"So here's what I'm faced with," Garner said. "I've got a club that can't afford to lose another game. And now I've got a guy who I think needs a lot of pitching time to get his scheme down, to where he's back and he throws the ball and he says, 'This is where I'm going to get an out, and the game's over.' And he'll show me when that's happening. And he'll get his job back. But I don't have the margin for error right now."

So Garner did what he thought he had to do. Then he called Lidge in and explained why he was doing it. And he told Lidge he'd get his closer job back as soon as he got his "scheme," and his mojo, back.

Lidge listened to all that. And he's tough enough, mature enough and a good enough teammate to say: "He's my manager, and I'm going to do whatever he wants me to do. And I won't argue, at all."

But he still doesn't quite understand. Yes, this happened last year, too. But this year was different. It was September when he lost his job last season, and he had an ERA over 5.00 and six blown saves. This year, he was two outings into the season. Two.

"Last year, I was going through some struggles, so I understood why he was doing it," Lidge said. "But this year, after two games, you can't really say that I was going through struggles because there wasn't enough of a sample of time, really."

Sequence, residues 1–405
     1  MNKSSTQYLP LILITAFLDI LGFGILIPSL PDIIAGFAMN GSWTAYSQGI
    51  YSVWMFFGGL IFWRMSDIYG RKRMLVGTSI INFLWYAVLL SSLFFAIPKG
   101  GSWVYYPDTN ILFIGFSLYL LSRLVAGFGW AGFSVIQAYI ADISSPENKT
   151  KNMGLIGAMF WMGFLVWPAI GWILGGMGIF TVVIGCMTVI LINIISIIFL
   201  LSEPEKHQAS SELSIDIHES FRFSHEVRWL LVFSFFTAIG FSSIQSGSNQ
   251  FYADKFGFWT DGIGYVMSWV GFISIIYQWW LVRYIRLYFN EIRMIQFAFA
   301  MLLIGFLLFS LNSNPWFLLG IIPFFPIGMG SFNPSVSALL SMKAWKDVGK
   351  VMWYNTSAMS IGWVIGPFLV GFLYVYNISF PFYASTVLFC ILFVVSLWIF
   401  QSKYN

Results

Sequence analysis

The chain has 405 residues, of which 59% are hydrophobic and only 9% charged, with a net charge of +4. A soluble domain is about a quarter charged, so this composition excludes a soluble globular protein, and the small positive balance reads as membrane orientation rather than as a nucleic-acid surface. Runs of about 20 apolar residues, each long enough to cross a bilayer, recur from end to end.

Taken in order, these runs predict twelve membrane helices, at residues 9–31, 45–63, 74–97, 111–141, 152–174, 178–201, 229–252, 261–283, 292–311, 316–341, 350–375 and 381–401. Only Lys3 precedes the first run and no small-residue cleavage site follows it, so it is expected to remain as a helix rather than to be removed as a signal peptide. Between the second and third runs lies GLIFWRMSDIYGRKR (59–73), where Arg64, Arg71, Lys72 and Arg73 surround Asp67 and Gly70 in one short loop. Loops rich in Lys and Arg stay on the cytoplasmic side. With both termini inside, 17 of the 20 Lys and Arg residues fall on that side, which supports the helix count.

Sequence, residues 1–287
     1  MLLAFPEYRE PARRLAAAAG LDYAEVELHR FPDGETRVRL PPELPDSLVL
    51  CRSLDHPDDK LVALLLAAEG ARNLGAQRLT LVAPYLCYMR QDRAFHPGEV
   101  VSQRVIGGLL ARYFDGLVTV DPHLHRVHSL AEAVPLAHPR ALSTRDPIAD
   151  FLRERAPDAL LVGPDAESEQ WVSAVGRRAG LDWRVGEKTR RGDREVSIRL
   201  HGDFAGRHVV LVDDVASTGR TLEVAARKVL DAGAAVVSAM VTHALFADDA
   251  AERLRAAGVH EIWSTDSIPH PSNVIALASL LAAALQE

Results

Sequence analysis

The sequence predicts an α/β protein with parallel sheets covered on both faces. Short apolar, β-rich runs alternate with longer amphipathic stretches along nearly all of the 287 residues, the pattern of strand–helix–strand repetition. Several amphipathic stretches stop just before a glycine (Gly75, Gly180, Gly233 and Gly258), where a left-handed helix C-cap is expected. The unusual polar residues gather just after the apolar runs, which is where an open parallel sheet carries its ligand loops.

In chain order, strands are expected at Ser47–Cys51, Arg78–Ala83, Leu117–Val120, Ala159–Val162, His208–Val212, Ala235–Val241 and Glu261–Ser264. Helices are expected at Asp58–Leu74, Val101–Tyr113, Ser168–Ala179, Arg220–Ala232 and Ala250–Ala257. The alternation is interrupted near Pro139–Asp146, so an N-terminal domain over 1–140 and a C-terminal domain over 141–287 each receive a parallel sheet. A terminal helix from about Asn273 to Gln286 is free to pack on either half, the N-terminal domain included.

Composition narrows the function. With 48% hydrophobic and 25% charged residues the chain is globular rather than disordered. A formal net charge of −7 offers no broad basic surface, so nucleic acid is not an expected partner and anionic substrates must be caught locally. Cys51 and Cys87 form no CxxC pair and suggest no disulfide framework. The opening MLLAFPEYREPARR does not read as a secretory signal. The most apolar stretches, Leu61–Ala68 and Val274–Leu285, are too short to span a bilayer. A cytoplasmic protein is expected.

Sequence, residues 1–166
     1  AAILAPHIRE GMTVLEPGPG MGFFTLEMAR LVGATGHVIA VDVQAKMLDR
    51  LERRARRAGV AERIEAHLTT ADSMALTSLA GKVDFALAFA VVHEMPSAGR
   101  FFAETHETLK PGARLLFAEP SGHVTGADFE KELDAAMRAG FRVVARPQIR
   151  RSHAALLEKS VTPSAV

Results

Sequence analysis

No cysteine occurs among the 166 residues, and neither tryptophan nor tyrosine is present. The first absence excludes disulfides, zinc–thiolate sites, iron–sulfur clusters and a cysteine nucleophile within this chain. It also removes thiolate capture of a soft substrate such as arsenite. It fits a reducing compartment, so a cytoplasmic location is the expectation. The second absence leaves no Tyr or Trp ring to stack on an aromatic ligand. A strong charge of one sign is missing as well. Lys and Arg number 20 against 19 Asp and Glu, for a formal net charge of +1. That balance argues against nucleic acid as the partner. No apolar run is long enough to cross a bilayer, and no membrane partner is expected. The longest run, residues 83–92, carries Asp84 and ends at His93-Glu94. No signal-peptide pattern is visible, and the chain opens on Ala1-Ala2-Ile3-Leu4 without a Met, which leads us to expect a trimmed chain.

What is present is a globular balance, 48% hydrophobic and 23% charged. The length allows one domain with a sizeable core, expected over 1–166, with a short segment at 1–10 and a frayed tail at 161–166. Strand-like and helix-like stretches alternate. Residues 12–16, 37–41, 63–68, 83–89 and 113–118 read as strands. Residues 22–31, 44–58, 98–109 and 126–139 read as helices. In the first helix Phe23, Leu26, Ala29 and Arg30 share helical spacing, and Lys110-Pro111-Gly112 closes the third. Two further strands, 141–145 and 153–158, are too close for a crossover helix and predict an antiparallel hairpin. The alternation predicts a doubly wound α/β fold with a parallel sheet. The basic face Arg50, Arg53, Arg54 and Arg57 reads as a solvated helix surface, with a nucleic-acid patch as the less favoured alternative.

Is he right about that? Absolutely. Was this something any player would feel was just? Probably not. But if you look at the big picture, it's obvious Lidge is a different animal now than he was in 2004 and 2005. And that's the genesis of all of this.

We've had three scouts tell us, in the past week, that "his stuff is still there." But that aura he had two years ago? That's not still there. The ability he once had to get hitters to chase his man-eating slider? That's not still there. The mechanics that used to make all that possible? They haven't always been there, either.

So last year, when he lost the feel for that slider and for his delivery, Lidge made some changes he wishes now that he'd never made. He tried abandoning the windup and going solely from the stretch. He tried fiddling with new pitches. But he realizes now that all that experimenting "was just ridiculous."

"I'm better off," he said, "if I just rear back and throw my good fastball and my hard slider. That's really all I need to do. Unfortunately, I tried to do too many other things, and it didn't work."

In all that analysis of what "went wrong," you might notice something. The one thing the rest of the world is convinced "went wrong" with Lidge -- Albert Pujols' stunning October home run -- isn't in there. Because that theory is just about total myth.